A visitor to my website found it by asking this question in a search on Yahoo: “When does the statute of limitations run out for audits?”
The shortest answer is three years.
So the IRS Has Three Years – Three Years Starting When?
But that’s not quite enough information all by itself. The first, next question is: three years from what? What event makes the clock start ticking and counting down?
The shortest answer is that the clock starts counting down, when you, the taxpayer, file your tax return. But that’s not quite the whole story either:
The clock starts ticking upon filing when you file on the due date (like April 15th) or later. But, the clock does not start ticking if you file your return early. For example, if you filed your tax return on March 15th, a month before the day that’s so big on everyone’s mind, April 15th or “Tax Day” as some now call it.
Instead, if you file your tax return early, again, say on March 15th, the IRS will say ‘thank you very much,’ but the statute of limitations clock won’t start ticking until the due date, April 15th.
This is one of those things that puts the rules of taxes into a sort of bizarro-world (many would say one of many!).
The IRS Wants it Bad!
This early filing rule is a little strange because it seems to convlict with the IRS’s desire for taxpayers to file their tax returns. We know that the IRS wants taxpayers to file their tax returns, and, if a bureaucracy could have and express emotions, you could say that the IRS wants this badly. Really wants it. Really wants taxpayers to prepare and file their tax returns.
Yet, however bad the IRS wants it, the tax system’s rule that filing early doesn’t start the clock ticking discourages taxpayers from filing – or at least from filing early, and that seems just a little bit bizarre.
This rule discourages early filing because who wants to give the IRS a free ride? Who wants to give it even more time to decide whether to do things that can make your life difficult? And so, this rule seems to be at odds with the IRS’s strong desire to have taxpayers actually file their returns, though there are a few arguably reasonable reasons for having the rules set up this way.
Still, one would think that the IRS would be inviting and encouraging taxpayers to get their taxes filed, at all, on time, even early, and would add a few carrots to the bundle of sticks it brandishes at those who file late or not at all.
How Do We Know That the IRS Wants It Bad?
Just look at their rules! The IRS charges heavy penalties plus interest for filing late and for not filing at all. By doing this, the government punishes late-filers and non-filers by making it expensive.
And, more than making it expensive, if you ever want to make any kind of arrangement to resolve a tax problem, like if you wanted to set up a payment plan, or an offer-in-compromise or even to be put into “uncollectible status,” the first thing the IRS will insist on is that you get your unfiled tax returns filed.
Like Blofeld, Goldfinger, Largo, and so many other James Bond villains, the IRS says to taxpayers with unfiled returns, “No deals, Mr. Bond.”
Plus, if you want to try to get all or even some of your taxes discharged in bankruptcy, you must have filed your tax returns.
Filing your tax returns is one of five necessary elements to wiping out tax debts in bankruptcy. Again, without filing your tax returns, the Bankruptcy Court will be required by law to say, “No deals, Mr. Bond.”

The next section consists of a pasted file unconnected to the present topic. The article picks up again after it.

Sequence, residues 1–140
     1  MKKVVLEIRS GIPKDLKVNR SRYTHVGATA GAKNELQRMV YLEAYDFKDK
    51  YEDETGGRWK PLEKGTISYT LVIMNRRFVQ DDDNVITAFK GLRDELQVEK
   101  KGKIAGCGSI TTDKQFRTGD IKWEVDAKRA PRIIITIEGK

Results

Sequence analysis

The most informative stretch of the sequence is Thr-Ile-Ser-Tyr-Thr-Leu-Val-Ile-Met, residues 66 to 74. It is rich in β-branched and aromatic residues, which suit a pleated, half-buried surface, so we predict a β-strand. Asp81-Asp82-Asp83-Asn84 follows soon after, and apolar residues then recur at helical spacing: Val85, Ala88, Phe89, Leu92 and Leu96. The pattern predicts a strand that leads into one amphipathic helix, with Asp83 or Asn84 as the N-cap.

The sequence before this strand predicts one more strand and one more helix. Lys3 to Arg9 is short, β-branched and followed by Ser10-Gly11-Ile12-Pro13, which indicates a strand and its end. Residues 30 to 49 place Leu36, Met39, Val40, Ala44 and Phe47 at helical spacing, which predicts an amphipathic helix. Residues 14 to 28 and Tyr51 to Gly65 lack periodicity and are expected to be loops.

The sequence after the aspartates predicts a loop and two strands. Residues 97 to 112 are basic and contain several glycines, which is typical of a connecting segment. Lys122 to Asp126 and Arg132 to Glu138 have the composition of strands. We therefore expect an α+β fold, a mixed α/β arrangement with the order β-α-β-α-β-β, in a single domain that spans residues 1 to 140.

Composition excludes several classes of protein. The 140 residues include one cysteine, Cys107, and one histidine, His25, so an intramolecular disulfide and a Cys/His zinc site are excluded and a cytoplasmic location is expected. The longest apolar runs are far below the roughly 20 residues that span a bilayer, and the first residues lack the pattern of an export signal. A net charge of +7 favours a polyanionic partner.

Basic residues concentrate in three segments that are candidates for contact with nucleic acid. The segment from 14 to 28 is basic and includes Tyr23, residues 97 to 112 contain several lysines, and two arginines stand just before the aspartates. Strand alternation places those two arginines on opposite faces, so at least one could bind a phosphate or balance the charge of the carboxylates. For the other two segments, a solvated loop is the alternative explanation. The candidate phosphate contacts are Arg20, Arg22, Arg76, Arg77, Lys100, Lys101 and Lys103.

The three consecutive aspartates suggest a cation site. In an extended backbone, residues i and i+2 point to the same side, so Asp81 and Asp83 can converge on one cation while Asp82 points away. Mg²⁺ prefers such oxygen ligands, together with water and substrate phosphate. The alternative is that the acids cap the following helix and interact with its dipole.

No filed tax return = no discharge in bankruptcy.
So, does the IRS want it bad or what?
One more example: Hollywood movie star and convicted tax criminal Wesley Snipes: He has been sentenced to spend years in federal prison for committing the crime (yes, crime) – in fact, felony – of not filing tax returns.
Looking at these bunch of rules, let there be no doubt or dispute – the government wants us to file our tax returns, and has created a whole bunch of carrots and sticks (mostly sticks) to get us to do it.
Considering how badly the IRS wants taxpayers to file their tax returns, and to do so on time, you’d think they’d give taxpayers a gold star or something for being so organized and diligent that they filed early. But that just isn’t how it works.
With all the rules that articulate and carry out the government’s policies, it seems bizarro, but it is nonetheless true, that if you file your tax return early, not only do you not get a carrot, but in a way, you get a stick.
Because not only does the clock not start until the final due date for filing your tax return, but essentially, you are giving the IRS an automatic extension of its statute of limitations to decide what to do – whether to accept your return as correct and assess your tax bill based on what you submitted, or stop to wonder if there’s something wrong, and make your life more difficult by deciding to so examine – or audit – your return, and then assess your tax bill.
Conclusion: Three Years or More, Depending
To summarize: The IRS has three years to assess tax after you file your tax return. This time limit includes conducting an audit to examine the accuracy of a tax return and then assess tax after the audit.
The three-year statute of limitations starts with the date of filing a tax return if it was filed on the due date (like April 15th) or after the due date. If filed early, then the statute of limitations does not start to run until the actual due date for filing the return.
There are additional traps though: in some situations, the three-year statute of limitations never starts to run and so the IRS has an unlimited amount of time to audit and assess tax. I’ll take that up in another post. Stay tuned.